There are different priorities when it comes to translating and localizing technical content. Translated technical documentation must be as concise as the source content. Key focus points include consistency, correct terminology and technical accuracy.
What role does technology play in producing high quality technical documentation? One often assumes each word and diagram must be addressed and managed by human translators. Actually, there are a number of tools that can be used to help produce ongoing, high quality technical translations while managing deadlines and budgets.
Machine Translation (MT) for Technical Communications.
When translating and localizing technical content, MT can be a great tool. Machine translations is not a standalone tool, nor a magic wand that can fix the mismatch of growing content volumes and decreasing budgets. It is a productivity tool within the content translation supply chain. To continue to achieve high quality, MT with post-editing can still speed up the translation cycle, faster and cheaper than using 100% human translators. With these strengths particularly beneficial to technical communication, it is hard to ignore MT.
“It’s the reality of our industry now,” says Nicole McColgan, Senior Project Manager at Welocalize. “Machine translation is not a replacement, but a progression. Quality is still valued, so this is where post-editing comes in.” Post-editing is becoming an increasingly valued skill with the rise of MT to increase the quality of the MT output.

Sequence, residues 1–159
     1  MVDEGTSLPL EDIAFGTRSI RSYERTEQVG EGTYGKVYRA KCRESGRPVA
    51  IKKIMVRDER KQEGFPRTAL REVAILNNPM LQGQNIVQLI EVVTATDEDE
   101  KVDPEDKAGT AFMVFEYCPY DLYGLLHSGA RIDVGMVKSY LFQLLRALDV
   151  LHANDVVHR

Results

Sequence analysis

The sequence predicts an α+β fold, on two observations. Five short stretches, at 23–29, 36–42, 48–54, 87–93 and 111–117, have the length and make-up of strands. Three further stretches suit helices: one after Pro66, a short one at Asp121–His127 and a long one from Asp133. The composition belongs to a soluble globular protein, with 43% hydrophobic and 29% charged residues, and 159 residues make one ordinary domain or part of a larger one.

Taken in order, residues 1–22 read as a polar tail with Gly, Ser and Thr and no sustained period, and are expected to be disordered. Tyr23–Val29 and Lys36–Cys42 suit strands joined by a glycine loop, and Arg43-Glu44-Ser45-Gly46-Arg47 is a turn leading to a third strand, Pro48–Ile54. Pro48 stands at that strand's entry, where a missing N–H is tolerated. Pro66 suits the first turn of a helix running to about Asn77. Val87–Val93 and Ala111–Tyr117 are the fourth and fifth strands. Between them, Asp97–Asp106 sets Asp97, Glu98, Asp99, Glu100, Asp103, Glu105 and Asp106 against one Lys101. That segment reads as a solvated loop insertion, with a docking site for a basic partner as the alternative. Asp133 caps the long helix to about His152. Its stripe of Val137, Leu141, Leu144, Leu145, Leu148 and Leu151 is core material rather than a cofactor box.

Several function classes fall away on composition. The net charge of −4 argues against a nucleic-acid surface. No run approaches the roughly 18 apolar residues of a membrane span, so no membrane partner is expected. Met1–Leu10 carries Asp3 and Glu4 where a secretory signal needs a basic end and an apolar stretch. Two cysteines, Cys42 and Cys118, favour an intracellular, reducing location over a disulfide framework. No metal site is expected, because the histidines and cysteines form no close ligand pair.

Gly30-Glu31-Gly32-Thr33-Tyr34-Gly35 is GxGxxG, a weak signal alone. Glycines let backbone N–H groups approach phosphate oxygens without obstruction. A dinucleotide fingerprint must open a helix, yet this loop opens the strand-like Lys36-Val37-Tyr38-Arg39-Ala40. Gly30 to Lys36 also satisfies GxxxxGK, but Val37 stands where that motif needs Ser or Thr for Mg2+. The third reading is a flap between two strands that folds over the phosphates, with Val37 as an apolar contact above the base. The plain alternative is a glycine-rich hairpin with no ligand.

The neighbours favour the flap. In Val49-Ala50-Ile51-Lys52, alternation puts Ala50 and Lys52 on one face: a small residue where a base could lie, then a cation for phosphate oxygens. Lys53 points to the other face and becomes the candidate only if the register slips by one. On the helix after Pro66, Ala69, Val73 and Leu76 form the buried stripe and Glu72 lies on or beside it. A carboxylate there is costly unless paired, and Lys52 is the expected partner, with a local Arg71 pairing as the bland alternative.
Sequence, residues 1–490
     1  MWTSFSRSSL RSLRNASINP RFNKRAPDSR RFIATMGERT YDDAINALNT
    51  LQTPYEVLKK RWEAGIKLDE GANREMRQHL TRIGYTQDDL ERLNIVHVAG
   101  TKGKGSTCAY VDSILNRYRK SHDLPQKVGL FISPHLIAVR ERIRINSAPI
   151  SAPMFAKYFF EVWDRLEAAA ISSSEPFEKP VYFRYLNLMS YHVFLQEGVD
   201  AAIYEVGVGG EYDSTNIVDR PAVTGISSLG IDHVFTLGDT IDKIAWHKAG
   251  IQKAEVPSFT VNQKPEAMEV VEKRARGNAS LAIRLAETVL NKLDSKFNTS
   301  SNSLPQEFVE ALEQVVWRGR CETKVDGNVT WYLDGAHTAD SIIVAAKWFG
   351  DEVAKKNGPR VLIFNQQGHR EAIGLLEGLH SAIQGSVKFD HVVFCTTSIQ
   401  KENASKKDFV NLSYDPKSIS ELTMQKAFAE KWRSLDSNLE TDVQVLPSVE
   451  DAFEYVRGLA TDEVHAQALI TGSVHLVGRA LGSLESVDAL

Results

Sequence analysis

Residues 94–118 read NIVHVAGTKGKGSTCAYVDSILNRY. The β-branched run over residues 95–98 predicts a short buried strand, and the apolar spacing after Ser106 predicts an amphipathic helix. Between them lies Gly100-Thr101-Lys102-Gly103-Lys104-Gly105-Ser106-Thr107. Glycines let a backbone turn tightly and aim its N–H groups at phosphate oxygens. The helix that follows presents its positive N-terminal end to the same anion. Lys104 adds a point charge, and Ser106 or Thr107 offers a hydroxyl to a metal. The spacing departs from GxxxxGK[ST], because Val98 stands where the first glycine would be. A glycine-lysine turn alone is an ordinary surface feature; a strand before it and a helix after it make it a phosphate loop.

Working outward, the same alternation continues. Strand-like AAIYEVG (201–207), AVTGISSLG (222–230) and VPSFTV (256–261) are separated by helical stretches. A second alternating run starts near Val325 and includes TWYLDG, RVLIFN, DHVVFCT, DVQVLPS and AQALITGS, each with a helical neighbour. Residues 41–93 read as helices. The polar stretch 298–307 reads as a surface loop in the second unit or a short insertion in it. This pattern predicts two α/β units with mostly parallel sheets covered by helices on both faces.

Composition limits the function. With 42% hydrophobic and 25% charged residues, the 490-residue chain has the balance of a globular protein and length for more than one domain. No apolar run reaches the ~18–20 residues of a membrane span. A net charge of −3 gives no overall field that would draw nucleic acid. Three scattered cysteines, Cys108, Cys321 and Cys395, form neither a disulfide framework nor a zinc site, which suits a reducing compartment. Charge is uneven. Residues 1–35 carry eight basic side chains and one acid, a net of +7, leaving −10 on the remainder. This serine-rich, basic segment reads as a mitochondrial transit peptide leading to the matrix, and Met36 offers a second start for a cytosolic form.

Terminology Management for Tech Docs.
The terminology used in technical communications can be quite specialized. You should consider the in-house terminology that each client utilizes and apply it appropriately. In her blog, Welocalize Senior Translator Sarah Evans, recommends building a spreadsheet of extracted key technical terms for each client using a specialist tool like MultiTerm Extract. This helps you to speak the clients’ language. This is especially crucial as clients tend to use technical content internally, so communication between the vendor and client needs to be clear to gauge exactly what the client wants in translations. Click here to read Sarah’s blog, The Importance of Effective Terminology Management.
“Welocalize focuses on the client’s needs, making any suggestions for improvement and listening to them,” notes Nicole McColgan. “Managing terminology effectively ensures that the translation process is faster, as there is less time spent on researching terminology for specific clients. It also reflects well on your company, as consistently accurate and timely technical translations are a top priority for the client.”
Management Systems: Translation and Content.
The adoption of a content management system (CMS) helps content to be translation-ready, resulting in a quicker turnover time, benefiting the client and the language service provider (LSP). CMS’s may not be a direct tool for localizing and translating technical content; however, they certainly help in the preparation of content. Using a CMS will benefit clients in the long run with all types of content being effectively and centrally managed. A CMS also can run in tandem with the translation management system (TMS) used by the LSP, making the whole process smoother and more automated. The TMS also benefits both the client and LSP with its terminology database, translation memory and automated localization workflow.
Even complex technical documentation requiring high levels of accuracy and quality can benefit from automation. Technology systems like MT, CMS, TMS and terminology management tools play an important role in the overall translation process and can help organizations produce more high quality content to their global audiences.
Louise Donkor is a member of Welocalize’s global marketing and business support group.